Monday, June 22, 2009

Just a 'Typical' Day?

Thursday, June 26th – We began walking 8 miles east of Rocky Mount and walked through Tarboro, Princeville, Conetoe and Bethel, stopping just short of Parmele. I realize that most of you have never heard of these places, but we have met some very friendly, helpful and hospitable people in them.

One man, Michael J. (not Jordan), stopped me on the sidewalk in Tarboro and asked what we were doing. I told him about our work with murder victim family members and with families of people on death row and our opposition to the death penalty. He immediately began telling me about his spending a few years in Central Prison and how quiet and cold and eerie it was on the nights of executions. We talked more about his life outside of prison and about us. He invited us to eat lunch with him. So after prayer in front of the Edgecombe County Courthouse, we went to meet him at his usual lunch stop – the local soup kitchen. Although our prayer time and talking with reporters had made us miss the 12:15 closing of the lunch line, Michael advocated for us until the folks serving food relented and served each of us a full plate of food. While it might seem strange for us to eat this way, it was as if we had been invited to eat in this man’s home and to have said ‘no’ would have been rude and overly prideful.

After lunch we walked across the bridge into Princeville, a town known for its founding by freed slaves in 1865 and its devastation in the floods of Hurricane Floyd in 1999. The racial history of the area reminded us of the Racial Justice Act which is currently moving toward the floor of the NC House of Representatives – an act that aims to provide an avenue for removing some of the racial bias from capital punishment. Not from the entire judicial system, mind you, but just from that small piece of the judicial system associated with capital punishment.

In the evening we are settled down to sleep on cots at Bethel United Methodist Church in Bethel, NC. The pastor, Steve Smith, was most hospitable and accommodating. Pastor Heath Faircloth of Bethel Baptist Church helped us as well, delivering a fresh, homemade dinner of spaghetti, salad, bread and vanilla cream pie all made by one of his parishioners. He wanted to give us lodging in his home but he thought his one-week-old child might not cooperate with our need to get a full night’s sleep. These two pastors did not state clearly whether they agree with the entire purpose of our walk but they gave time from their busy day to help out some passing Pilgrims. They did so with a lot of love and kindness. For that we are so thankful!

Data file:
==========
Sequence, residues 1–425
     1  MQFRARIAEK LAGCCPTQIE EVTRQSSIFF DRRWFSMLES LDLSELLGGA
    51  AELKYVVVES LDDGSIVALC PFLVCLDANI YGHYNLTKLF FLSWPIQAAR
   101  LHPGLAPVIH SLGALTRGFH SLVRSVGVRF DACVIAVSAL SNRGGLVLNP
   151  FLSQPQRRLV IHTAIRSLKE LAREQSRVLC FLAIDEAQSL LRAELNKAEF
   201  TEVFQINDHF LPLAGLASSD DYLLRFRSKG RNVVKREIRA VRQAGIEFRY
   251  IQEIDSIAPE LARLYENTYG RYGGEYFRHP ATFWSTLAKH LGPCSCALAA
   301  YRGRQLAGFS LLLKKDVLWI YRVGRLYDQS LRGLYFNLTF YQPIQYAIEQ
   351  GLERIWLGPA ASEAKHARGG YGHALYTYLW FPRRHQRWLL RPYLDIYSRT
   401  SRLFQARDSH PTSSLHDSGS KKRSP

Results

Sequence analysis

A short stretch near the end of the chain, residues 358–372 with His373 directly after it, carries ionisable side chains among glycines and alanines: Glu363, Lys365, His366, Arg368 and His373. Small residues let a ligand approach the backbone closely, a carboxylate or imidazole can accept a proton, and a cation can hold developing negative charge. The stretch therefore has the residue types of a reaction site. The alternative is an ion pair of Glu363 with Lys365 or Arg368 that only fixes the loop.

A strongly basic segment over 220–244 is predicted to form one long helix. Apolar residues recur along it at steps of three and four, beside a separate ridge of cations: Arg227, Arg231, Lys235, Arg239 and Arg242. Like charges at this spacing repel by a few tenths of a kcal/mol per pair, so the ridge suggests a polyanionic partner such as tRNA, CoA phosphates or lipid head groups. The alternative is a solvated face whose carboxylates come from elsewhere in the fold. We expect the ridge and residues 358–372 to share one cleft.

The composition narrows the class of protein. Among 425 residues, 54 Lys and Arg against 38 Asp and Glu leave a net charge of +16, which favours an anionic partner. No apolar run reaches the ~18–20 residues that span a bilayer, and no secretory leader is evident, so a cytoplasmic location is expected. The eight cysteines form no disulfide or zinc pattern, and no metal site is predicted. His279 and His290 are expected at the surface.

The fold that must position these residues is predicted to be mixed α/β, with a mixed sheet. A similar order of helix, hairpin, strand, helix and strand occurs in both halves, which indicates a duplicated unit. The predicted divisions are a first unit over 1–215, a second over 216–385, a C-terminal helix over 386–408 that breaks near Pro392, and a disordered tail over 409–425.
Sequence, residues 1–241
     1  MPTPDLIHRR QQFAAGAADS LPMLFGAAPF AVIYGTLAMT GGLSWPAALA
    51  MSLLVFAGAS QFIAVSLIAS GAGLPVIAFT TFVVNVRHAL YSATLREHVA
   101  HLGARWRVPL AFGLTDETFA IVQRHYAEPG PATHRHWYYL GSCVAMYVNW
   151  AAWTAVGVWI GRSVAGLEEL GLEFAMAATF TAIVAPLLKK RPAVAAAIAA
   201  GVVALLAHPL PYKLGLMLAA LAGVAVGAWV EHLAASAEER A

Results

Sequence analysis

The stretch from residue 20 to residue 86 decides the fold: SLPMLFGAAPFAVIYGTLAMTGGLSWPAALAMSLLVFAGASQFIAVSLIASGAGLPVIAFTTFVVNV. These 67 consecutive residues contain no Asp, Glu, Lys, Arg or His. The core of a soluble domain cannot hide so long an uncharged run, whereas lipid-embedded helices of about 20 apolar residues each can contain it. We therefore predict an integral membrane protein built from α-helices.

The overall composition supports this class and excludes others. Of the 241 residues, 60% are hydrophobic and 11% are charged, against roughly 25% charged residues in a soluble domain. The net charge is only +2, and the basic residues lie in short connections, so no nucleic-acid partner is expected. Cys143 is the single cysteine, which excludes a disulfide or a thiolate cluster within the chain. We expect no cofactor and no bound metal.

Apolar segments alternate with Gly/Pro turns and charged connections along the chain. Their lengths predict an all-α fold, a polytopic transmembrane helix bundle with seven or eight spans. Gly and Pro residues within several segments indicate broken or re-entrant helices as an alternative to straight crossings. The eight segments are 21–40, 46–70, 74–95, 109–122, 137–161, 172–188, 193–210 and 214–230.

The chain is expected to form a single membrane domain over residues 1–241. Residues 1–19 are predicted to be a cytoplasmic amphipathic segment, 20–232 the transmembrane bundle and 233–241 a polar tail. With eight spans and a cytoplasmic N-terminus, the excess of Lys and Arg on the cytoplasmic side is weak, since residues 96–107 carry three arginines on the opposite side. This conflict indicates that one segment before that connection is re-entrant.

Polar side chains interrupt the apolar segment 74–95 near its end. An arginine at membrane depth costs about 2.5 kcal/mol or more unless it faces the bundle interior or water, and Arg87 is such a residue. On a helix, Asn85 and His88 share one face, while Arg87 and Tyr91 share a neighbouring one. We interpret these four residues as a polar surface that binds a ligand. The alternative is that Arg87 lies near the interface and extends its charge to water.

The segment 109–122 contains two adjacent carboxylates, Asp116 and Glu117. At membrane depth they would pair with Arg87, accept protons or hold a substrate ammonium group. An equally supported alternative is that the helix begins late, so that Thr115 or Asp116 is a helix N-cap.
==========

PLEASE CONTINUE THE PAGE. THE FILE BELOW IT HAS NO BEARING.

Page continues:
After a good night’s sleep and a breakfast of spaghetti leftover from the previous evening, we went into the Bethel UMC sanctuary for our daily prayer and reflection time. Surrounded by eight stunningly beautiful stained-glass windows, we settled near the one that depicts a scene just after the execution of Jesus. A woman – probably Mary the mother of Jesus – clings to the stone base in which the cross – the instrument of Jesus’ execution – had been mounted. Part of Jesus’ robe lies torn on the ground and a beam of the broken cross lies nearby.

The scene evokes the grief of a mother whose son has just been executed. How often we forget that Jesus’ crucifixion was an execution and that the cross was the lethal injection paraphernalia of that era. I could easily – and painfully – imagine some of the mothers with whom we work laying themselves across the execution gurney as a modern parallel to this scene. Just as easily, I could see the image of another parent of a child was taken by violence inside or outside prison walls, laying across their loved one’s bed, seeking some continued connection with their loved one.

One mother of a man executed by the state of North Carolina told me (and gave me permission to tell others) that she has slept with her son’s tennis shoes as a way of dealing with her heartache for beloved son. We’ve heard similarly heart-wrenching stories of others whose loved ones were murdered.

After our bittersweet time of prayer and reflection, we set out walking toward Williamston. Near Robersonville, we encountered a young man walking. We immediately noted his distinctive t-shirt and listened as he explained that the t-shirt memorializes his brother who was shot to death on May 23rd of this year. Another grieving family member working out and walking out his grief.

On Friday evening, we had dinner with several of Willie Brown's family members. We first met them on the day of Willie's execution in April 2006. They were one of our first families at Nazareth House. It is difficult to describe the bond we formed with them through Willie's execution night and our subsequent contacts.

Courage - Ann, Villia, Teresa, Kendale, Trellis and Geneva (a family friend whose son is serving a life sentence) and Lorenzo (whose brother was recently shot to death). Courage, we will walk with you and for you.

Courage, brothers, sisters, families; You do not walk alone. We will walk with you!

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